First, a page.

Just One Nuclear War

What will happen when someone finally pulls the trigger?

Nuclear bombs level cities in a flash. They kill tens of thousands of us in an instant. But what happens after that? Scientists have studied this grim question and simulated the effect a regional nuclear war would have on the atmosphere, sea and land. The answer: This cataclysm would affect everyone on the planet.

This hypothetical war, published in the March edition of Earth’s Future, included 100 nuclear detonations. Each exploded with a yield equivalent to the weapon that incinerated Hiroshima: 15,000 tons of tnt.

The conflict involved not the world’s largest nuclear power, the United States, not an increasingly belligerent Russia, not radical states like North Korea or (soon) Iran, not suicidal Islamist terrorist groups, but “simply” India and Pakistan. If these comparatively smaller nuclear-armed nations waged nuclear war against each other, millions of people would die instantly—or agonizingly slowly in the aftermath. But what would happen to you?

When you first heard news of the attack, the impact on the climate would have already begun. Researchers believe that the firestorm would throw 5.5 million tons of black carbon into the skies. This carbon would immediately begin absorbing the sun’s heat, cooling the Earth. Simulations show the average global temperature would drop 2.7 degrees Fahrenheit. In North America, Asia, Europe or the Middle East, the upcoming summer would be 7.2 degrees cooler, and winter as much as 10.8 degrees colder.

Russia’s 1961 Tsar bomb had a blast yield between 50 and 58 megatons, 1,350 to 1,570 times larger than both bombs dropped on Hiroshima and Nagasaki.
Those on the coast would especially feel the changes. Lower atmospheric temperatures would cool the oceans. Colder climates would see sea ice, which would reflect the sun’s rays and drive down temperatures even further. The upper 330 feet of the ocean would cool significantly. Scientists predict that the cooling would continue for 25 years.

Meanwhile, higher temperatures in the stratosphere because of the extra carbon would reduce rainfall and other precipitation by up to 10 percent. Droughts and wildfires would increase. Plant, animal and human life accustomed to hot, wet climates would be particularly devastated by the cold and dryness.

Ash in the atmosphere would also push temperatures on the ground lower. No matter where you live, your hometown would be significantly colder and drier. Nations would be scrambling to secure dwindling water supplies, increasing the threat of resource wars.

Lower temperatures and reduced rainfall would drastically hamper food production. Heavy frosts would decimate crops worldwide, and the growing season would shrink by 10 to 40 days each year. Even from a war waged on the other side of the world, food shortages would affect everyone, and the threat of global famine would be very real.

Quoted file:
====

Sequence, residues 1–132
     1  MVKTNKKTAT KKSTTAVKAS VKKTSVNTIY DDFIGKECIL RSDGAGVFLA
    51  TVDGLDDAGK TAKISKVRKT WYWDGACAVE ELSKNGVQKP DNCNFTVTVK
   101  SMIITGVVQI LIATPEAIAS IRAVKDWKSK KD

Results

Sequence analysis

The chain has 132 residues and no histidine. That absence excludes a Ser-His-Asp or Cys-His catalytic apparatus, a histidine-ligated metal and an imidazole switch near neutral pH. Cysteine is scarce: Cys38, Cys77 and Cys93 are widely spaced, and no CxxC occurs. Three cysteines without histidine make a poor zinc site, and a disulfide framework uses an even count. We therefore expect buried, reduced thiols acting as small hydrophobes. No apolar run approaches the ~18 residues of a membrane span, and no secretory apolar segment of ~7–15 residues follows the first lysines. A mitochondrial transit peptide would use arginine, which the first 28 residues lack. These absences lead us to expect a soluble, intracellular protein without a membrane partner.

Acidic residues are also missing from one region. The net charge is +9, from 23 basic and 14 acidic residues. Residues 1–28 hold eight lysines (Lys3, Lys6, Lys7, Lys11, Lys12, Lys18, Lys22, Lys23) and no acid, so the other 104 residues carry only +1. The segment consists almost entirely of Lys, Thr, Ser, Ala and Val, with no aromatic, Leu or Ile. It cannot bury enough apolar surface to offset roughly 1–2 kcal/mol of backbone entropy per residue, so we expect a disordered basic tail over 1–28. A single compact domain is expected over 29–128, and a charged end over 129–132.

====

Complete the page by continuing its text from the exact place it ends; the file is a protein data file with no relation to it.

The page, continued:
This was the third such simulation examining the environmental effects of a regional nuclear conflict, and the results have been consistent. This simulation accounted for just two nations detonating 100 Hiroshima-size bombs in a relatively limited area. This is anything but a worst-case scenario. Roughly 17,000 nuclear weapons exist today. The largest ever detonated, Russia’s Tsar Bomba in 1961, had a blast yield somewhere between 50 and 58 megatons. That is 1,350 to 1,570 times larger than the combined power of the bombs dropped on Hiroshima and Nagasaki. And it was designed for a yield of up to 100 megatons.

What would happen if Russia or other, more powerfully equipped nations went to war with weapons thousands of times deadlier than the ones that destroyed Hiroshima and Nagasaki?

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This is the horrific reality of our world. In the August-September 1954 Plain Truth magazine, Herbert W. Armstrong wrote: “It’s time to wake up to the fact that these are not normal times! After nearly 6,000 years of comparative quiet, the whole world suddenly erupted in world-shaking violence beginning in 1914. But we have seen nothing, yet, compared to what is soon coming!

“Suddenly knowledge has increased. Scientific knowledge, technological development. Instantaneous communication, rapid transportation, frightening inventions have resulted. Man has learned at last the secret of the atom. Man has learned how to unleash powers and forces and energies of nature that can destroy human life from off this planet! … The whole Earth is now shaking with convulsions, preparatory to the mightiest happenings of Earth’s history!

“We are now in the very crisis at the close of this present evil and unhappy world!”

Sixty years later, no one can deny this reality. And the fact that man would achieve the capability of destroying himself by the millions was something Jesus Christ prophesied 2,000 years ago (Matthew 24:21-22). He said that unless these grim days were shortened, no flesh would live! Many other biblical prophecies corroborate Christ’s forecast that these terrible weapons will be used.

Thankfully, however, God promises that these days will be cut short! He won’t stand by and let His creation wipe itself out completely. Christ will intervene to save mankind from himself, and bring an end of man’s misrule over man. Christ will usher in a time of peace (Isaiah 2:4), in which weapons—nuclear and otherwise—will be extinct.